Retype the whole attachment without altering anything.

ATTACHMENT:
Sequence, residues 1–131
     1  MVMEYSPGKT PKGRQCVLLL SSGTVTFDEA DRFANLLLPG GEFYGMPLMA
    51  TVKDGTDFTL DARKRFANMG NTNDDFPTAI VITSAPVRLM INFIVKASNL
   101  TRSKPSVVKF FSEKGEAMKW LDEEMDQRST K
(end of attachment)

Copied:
Sequence, residues 1–131
     1  MVMEYSPGKT PKGRQCVLLL SSGTVTFDEA DRFANLLLPG GEFYGMPLMA
    51  TVKDGTDFTL DARKRFANMG NTNDDFPTAI VITSAPVRLM INFIVKASNL
   101  TRSKPSVVKF FSEKGEAMKW LDEEMDQRST K